Patients with dementia and healthy controls were recruited from outpatient clinics at NIMHANs, Bengaluru. Each participant completed an ACE-III assessment and a questionnaire on spatial navigation.
16 patients and 28 healthy controls were recruited. The average ACE-III score was 51 for patients and 86 for controls out of a possible 100. The average spatial navigation score was 61% for patients and 94% for controls. This showed a statistically significant difference (p < 0.001) in perceived navigational skill between patients and controls.
Significant differences between the self-perceived navigational skill of patients and controls were observed, with a higher number of self-reported difficulties within the patient group. This adds to the growing evidence that spatial navigation assessment may act as an appropriate substitute for existing cognitive tests. Future research will need to focus on cross-cultural cooperation to devise more in-depth navigational assessments.
Prevalence of Amnesia in Individuals Committing Crime: a Systematic Review & Meta-Analysis
George Hawker | University of Warwick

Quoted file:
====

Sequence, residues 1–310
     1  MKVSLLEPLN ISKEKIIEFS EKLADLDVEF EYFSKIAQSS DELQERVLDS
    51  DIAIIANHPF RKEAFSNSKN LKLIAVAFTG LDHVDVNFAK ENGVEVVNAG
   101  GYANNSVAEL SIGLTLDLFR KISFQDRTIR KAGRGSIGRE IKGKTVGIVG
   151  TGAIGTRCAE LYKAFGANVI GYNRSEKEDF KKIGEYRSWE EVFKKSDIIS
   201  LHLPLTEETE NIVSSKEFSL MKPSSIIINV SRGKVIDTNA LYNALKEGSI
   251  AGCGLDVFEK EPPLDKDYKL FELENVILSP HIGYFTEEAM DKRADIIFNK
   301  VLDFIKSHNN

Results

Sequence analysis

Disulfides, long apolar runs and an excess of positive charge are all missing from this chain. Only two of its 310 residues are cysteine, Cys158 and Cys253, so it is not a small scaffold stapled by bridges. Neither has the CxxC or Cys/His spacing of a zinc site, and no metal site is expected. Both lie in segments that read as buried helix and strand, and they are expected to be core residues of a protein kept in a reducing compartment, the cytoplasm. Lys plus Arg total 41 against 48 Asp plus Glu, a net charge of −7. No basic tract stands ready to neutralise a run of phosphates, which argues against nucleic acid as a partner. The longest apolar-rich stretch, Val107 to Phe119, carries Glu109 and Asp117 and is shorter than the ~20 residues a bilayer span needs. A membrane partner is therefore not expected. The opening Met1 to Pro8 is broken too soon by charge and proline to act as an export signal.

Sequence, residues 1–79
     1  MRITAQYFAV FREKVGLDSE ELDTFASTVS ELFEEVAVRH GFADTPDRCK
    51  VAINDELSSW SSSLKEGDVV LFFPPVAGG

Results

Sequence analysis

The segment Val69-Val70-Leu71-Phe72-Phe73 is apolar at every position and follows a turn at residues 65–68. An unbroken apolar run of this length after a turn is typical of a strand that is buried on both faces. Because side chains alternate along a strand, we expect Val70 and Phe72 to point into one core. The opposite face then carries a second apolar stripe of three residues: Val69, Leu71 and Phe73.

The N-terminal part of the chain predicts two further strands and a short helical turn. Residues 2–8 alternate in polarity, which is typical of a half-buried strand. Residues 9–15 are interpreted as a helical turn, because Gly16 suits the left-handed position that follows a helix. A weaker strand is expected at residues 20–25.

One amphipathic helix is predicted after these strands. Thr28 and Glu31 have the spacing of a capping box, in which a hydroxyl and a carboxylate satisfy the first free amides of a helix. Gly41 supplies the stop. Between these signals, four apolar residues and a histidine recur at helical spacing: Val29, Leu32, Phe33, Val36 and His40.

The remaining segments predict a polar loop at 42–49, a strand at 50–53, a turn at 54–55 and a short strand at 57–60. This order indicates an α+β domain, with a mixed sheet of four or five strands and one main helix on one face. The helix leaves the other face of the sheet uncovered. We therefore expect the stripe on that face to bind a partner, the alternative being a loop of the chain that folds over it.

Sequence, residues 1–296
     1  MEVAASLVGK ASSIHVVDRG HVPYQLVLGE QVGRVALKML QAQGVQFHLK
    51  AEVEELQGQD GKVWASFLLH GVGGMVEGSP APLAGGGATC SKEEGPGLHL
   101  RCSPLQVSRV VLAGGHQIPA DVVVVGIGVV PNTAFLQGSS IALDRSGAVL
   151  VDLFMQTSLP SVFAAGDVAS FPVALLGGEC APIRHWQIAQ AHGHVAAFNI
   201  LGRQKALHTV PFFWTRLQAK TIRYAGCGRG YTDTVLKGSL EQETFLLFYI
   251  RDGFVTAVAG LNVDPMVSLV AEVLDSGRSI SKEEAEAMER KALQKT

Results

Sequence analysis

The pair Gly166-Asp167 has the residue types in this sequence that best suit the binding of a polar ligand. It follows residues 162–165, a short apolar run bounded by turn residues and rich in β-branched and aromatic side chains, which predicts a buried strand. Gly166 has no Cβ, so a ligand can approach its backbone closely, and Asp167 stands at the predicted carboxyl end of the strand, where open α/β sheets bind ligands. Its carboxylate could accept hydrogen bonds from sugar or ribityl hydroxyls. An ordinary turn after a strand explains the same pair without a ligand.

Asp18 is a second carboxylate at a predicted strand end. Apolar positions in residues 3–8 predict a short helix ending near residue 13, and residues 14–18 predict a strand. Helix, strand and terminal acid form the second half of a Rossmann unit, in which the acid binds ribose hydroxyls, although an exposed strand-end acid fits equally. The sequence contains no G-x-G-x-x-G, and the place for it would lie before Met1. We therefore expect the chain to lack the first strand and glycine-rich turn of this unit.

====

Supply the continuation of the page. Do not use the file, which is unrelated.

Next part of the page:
Claims of amnesia have been used as a legal defence by those committing criminal offences. However, the most recent review of the prevalence of these claims was conducted over 30 years ago. Given the legal implications of a diminished criminal responsibility it is imperative to fully appreciate the circumstances surrounding such claims. The primary aim of this systematic review was to provide updated pooled prevalence estimate of amnesia in those convicted of committing crimes. Furthermore, to determine any possible sources of heterogeneity, we aimed to perform subgroup analysis of relevant contributing factors e.g. crime committed, age.
A systematic search of the literature was conducted through the following databases: PsycINFO (1806 - Oct 2019), Embase (1947 - 2019), Ovid MEDLINE(R) (1946 - Oct 2019), Web of Science (all years), Scopus (all years). This review was carried out in concordance with the PROSPERO protocol CRD42019154401. Meta-analysis and subgroup analysis of eligible studies were then performed. Pooled prevalence estimates were calculated using the metaprop command in STATA 16.0. Forest plots were constructed to present prevalence estimates with 95 % confidence intervals (CI) and assigned study weights. Eligible full-texts were quality assessed using the Joanna Briggs Institute (JBI) Appraisal Checklist for Studies Reporting Prevalence Data.